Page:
The Hippoi Athanatoi, the immortal horses, are the fabulous steeds of the gods and heroes of Greek myth.
To begin with, I would advise anyone considering Mélusine to also pick up the sequel, The Virtu, and read the two back-to-back. My understanding is that they were originally intended as one book, and while I enjoyed both of them when reading them a few months apart, I think they would read even better treated as a single book as together they form a distinct story arc where what is now the second volume brings the conclusion of many plot threads opened in the first.
However, in the end that is not how they were published, and with that in mind, this review attempts to focus on Mélusine. In it we are introduced to the two characters who alternate as the first-person narrators of the story; Felix Harrowgate and Mildmay the Fox. Felix is a wizard of the Mirador, the school of magic (note, we’re not talking school in the Harry Potter-sense here; in the setting wizards are simply trained within different traditions of magic) that is most prominent in the city of Mélusine. Mildmay is a cat-burglar whose home is the Lower City, seedy underside of Mélusine. As narrators, they have very distinct and dissimilar voices, and as characters they don’t appear to have much at all in common. At least not to start with. However, as the story progresses, this changes somewhat.
Their personalities and the nature of their chapters do, however, remain quite different from each other. Felix acts every inch the nobleman; elegant, witty and devastatingly charming. Mildmay, on the other hand, is a gutter rat and he thinks and speaks like one. Readers may very well find themselves preferring one over the other. Personally, I enjoyed Felix’s chapters the most, as he’s a quite thoroughly messed up individual beneath the too-polished surface. He’s not a particularly nice person, though, and he spends a large portion of the first book driven mad after his former master uses Felix’s powers to attack the Mirador, which makes some of his chapters quite difficult to read. Mildmay is a less extreme character and on the whole rather more likable as a person than Felix, but his chapters contain a lot of internal ramblings that had a slight stream of consciousness-flavour to me. Occasionally I found them difficult to keep my concentration on, but Elio preferred Mildmay’s chapters to those of Felix.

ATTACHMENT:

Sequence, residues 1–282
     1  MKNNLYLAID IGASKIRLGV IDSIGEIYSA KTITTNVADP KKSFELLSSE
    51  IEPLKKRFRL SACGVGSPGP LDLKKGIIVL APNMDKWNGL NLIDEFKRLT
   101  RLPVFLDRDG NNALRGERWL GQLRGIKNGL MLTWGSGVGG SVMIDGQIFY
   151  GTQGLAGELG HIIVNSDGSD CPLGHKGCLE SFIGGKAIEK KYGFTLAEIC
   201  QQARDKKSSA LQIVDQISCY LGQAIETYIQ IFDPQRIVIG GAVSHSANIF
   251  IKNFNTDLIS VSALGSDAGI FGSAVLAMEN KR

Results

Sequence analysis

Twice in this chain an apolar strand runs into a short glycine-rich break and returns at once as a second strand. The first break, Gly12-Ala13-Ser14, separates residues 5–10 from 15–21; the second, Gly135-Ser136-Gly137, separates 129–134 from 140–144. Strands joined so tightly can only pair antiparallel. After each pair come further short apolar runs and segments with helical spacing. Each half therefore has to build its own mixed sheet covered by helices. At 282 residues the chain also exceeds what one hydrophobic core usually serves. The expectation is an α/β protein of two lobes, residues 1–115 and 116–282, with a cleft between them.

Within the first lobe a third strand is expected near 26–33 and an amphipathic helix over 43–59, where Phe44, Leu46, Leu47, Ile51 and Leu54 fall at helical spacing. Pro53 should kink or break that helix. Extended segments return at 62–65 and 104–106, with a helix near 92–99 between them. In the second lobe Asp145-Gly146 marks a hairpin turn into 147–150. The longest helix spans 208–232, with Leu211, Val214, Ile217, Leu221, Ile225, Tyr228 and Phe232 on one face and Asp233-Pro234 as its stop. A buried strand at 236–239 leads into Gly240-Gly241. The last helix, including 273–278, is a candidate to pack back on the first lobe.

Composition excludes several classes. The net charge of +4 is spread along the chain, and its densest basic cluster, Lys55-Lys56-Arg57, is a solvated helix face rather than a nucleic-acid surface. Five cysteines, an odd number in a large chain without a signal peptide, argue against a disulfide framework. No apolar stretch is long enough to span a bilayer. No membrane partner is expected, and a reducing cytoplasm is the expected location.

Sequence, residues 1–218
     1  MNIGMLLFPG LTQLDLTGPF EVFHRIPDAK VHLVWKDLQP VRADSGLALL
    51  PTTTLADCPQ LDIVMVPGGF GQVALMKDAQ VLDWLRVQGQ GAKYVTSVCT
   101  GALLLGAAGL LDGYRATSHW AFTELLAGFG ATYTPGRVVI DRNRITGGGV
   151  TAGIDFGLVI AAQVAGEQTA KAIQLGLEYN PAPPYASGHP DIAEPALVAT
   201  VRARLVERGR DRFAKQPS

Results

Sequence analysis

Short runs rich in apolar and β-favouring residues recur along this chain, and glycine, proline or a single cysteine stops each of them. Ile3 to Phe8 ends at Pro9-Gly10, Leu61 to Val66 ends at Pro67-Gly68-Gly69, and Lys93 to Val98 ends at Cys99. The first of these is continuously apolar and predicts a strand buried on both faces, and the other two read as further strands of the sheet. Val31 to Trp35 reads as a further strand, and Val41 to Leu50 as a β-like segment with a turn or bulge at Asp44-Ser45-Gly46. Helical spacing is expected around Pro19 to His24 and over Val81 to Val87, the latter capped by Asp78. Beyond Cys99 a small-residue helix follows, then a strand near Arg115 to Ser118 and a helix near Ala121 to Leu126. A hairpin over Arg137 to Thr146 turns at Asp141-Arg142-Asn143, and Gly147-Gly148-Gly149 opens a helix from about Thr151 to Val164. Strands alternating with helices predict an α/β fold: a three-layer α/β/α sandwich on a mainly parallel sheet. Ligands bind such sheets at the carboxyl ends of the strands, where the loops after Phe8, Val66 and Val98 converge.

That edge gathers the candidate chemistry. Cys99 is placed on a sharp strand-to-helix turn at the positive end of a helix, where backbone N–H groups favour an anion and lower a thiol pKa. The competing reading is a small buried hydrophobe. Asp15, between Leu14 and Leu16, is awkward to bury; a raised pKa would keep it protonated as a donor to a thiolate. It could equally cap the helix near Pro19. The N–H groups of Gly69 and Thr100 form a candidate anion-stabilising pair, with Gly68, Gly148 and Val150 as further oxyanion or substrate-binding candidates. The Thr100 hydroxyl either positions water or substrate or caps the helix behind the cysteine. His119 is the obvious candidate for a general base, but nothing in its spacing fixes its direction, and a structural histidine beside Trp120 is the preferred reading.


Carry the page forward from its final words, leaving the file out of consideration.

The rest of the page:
In addition to Felix and Mildmay, one could argue that the city of Mélusine is a fairly important character too. Its a fantastical city where the decadence of the nobility’s quarters are contrasted against the seediness of the Lower City. For the setting, Monette appears to have drawn on an interesting mix of sources. The feel of the world (at least of Mélusine) is more 19th century than medieval, but there are a lot of strange cults and religions around, showing influences of not the least Greek myth and religion. Magic plays a prominent (but not over-powering) role in the story, with wizards divided up into various schools who all seem fairly narrow minded about what they condone or what they consider vulgar or even heretic.
What about the plot, though? Well, there certainly is some, though I’d consider Mélusine a primarily character-driven as opposed to plot-driven book. The catalyst for most of what happens in the book is Malkar’s use of Felix to attack the Mirador, an event which eventually leads both Felix and Mildmay out of Mélusine and onto a rather strange path. But while I thoroughly enjoyed learning about the setting and the magic, it was finding out more about Felix and Mildmay that really kept me turning those pages.
Hippoi Athanatoi is divided into four sections, covering various of our hobbies.